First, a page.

What projects like these are really all about is not, emphatically not, about addressing the problem of challenging situations in society. Not at all. What they are about is "virtue signalling", a delightful recent coining that refers to the situation where a lot of what the privileged say and do is intended to illustrate how deeply they care about solving the Social Problems of Today. The actual results are surprisingly unimportant as we can see from looking at cities like Detroit after decades of deeply caring social policies that have driven away over half of the population.

But, as I said, I don't want to get into any of that. I just want to say, leave the orchestra alone to play music. That is what they are good at and if you want to improve your state of mind, just attend a concert or two.

This is Mariss Jansons conducting the Philadelphia Orchestra in a performance of the Symphony No. 10 by Shostakovich:


Jeph said...

well....the tiresome language this is couched in would certainly ping on your radar, Bryan, I get that. But it mostly seems like youth outreach and education initiatives? They're talking about coaching and surveying the music education environment to make improvements. Recruiting young listeners/players and helping them and others to see the value in classical music. The music therapy aspect is interesting too, and I assume musicians would volunteer if they were interested. All seems like good stuff to me :)

Bryan Townsend said...

And you know, it could be great. But doesn't it seem problematic to you to take fully-employed orchestral musicians, who already should be working pretty hard, and push them to do additional work as music therapists? And then there is that mentoring, coaching and side-by-side rehearsing. I both taught and performed for many years and believe me, music therapy, mentoring, coaching and so on can be hard work if you are doing it properly. But these are people who already have a full time job in a a front rank orchestra for which they won an audition beating out many other players. Loading other responsibilities onto them seems to me either asking too much, or "virtue-signalling" by the orchestra administation.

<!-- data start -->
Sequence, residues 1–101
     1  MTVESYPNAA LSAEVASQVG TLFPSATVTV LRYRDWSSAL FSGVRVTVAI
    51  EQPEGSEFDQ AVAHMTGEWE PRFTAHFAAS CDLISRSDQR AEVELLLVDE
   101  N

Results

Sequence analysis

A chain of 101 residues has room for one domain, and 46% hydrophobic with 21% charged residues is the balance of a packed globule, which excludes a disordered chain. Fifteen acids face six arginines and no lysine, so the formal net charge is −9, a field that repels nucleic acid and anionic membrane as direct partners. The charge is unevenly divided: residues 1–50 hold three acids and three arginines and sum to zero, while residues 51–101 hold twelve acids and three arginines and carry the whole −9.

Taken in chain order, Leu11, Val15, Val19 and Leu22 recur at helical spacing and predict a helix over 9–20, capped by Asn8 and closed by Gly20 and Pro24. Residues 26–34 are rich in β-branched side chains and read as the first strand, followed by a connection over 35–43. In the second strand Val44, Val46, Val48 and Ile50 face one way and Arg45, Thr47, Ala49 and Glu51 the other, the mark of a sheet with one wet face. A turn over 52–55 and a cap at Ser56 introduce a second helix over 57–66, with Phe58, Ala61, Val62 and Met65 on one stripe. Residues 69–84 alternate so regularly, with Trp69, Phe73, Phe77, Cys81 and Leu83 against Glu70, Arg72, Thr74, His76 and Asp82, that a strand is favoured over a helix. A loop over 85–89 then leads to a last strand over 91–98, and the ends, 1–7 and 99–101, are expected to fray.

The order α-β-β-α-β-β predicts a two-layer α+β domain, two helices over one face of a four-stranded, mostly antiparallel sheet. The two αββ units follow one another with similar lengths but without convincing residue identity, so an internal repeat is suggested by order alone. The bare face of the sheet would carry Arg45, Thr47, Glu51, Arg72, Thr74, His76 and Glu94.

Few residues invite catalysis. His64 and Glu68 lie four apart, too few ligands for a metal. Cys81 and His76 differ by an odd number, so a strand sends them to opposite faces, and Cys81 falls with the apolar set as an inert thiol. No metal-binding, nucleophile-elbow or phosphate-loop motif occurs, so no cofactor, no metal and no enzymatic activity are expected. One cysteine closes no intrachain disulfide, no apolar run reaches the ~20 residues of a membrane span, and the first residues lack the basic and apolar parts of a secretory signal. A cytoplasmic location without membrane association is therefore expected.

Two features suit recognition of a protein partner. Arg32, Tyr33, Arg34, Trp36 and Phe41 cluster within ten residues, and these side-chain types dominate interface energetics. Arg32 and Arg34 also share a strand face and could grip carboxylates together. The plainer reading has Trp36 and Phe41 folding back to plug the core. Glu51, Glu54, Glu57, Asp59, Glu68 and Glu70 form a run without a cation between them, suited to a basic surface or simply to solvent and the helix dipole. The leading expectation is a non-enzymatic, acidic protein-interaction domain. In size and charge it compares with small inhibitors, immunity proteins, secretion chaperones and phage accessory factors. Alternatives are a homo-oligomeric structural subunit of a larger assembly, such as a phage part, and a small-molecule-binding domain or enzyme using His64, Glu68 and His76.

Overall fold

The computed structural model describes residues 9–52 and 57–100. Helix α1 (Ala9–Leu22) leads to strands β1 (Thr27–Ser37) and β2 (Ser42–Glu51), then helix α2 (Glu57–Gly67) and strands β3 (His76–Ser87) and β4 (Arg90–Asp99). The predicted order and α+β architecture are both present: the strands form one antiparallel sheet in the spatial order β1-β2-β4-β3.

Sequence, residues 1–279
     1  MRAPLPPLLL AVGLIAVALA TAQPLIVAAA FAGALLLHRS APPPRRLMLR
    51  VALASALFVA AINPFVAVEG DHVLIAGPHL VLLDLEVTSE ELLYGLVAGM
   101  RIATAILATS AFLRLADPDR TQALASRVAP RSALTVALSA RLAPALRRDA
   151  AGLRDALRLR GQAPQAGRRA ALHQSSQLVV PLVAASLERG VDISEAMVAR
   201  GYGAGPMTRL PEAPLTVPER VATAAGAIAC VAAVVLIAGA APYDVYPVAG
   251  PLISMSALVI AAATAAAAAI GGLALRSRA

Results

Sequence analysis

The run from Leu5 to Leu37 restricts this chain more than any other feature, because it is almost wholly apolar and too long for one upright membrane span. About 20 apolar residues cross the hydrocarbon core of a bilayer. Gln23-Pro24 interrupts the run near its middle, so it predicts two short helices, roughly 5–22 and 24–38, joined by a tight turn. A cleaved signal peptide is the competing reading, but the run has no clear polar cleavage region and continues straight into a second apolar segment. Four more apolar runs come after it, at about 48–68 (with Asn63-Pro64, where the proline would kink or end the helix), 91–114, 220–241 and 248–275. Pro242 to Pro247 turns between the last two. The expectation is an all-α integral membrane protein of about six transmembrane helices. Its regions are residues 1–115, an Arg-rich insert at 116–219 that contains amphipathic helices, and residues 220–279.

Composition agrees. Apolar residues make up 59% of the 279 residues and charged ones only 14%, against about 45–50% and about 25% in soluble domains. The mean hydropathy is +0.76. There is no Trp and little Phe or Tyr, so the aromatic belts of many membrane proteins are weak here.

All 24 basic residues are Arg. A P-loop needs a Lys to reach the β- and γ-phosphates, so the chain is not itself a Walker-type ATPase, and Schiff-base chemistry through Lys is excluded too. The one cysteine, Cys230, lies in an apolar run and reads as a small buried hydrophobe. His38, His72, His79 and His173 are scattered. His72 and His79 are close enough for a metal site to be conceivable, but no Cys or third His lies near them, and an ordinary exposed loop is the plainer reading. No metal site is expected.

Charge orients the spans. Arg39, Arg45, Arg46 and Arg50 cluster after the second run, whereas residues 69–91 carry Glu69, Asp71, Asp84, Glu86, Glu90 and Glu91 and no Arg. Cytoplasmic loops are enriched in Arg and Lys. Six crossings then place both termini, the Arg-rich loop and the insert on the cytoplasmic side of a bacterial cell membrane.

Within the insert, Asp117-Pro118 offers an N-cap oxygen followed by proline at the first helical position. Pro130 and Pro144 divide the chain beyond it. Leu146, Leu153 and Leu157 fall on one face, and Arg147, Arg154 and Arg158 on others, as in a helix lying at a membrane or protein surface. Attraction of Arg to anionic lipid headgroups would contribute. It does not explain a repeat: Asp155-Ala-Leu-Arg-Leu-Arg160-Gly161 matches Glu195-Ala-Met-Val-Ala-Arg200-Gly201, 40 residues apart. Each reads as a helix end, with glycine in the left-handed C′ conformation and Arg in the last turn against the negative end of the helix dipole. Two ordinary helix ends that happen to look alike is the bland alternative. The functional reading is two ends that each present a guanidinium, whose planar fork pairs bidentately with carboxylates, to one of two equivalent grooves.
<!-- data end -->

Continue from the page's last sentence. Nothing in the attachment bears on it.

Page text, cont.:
Jeph said...

those are valid points, and I don't get any sense from the article of how it would impact the players' time. I hope they don't have to put up with too much nonsense.

But the more I think about it, this is really boilerplate style outreach/engagement, mostly specific to youth, of the kind that high caliber musical organizations should do and already do. So they're talking about doing more of what they already do, but they've (the management, I guess) chosen the virtue-signalling headline that emphasizes the "social impact" of their efforts. I'm from the Northeast, and I'm thinking Philadelphia is probably still a very rich and poor, black-and-white self-segregated city, so they are negotiating a class/race subtext here, which may explain the weird angle they're coming from which doesn't really play out in the article. It is another example of how art music institutions feel compelled to justify their existence in other extra-musical ways, particularly to attract funding.

Bryan Townsend said...

Jeph, I think that your analysis is right on. The thing that really bothers me is that what should be the overwhelming priority of any musical ensemble, i.e. aesthetic quality, is being given a lower priority, seemingly, than social justice. But perhaps it is the case that projects like these are related to attracting funding. This funding would come, I assume, from government bodies. It is their responsibility, of course, to attend to questions of social justice, but one can see how they would project their priorities onto other organizations.

This gives us another argument for why arts organizations should not receive significant support from government bodies as it tends to skew the purpose and priorities of the arts groups.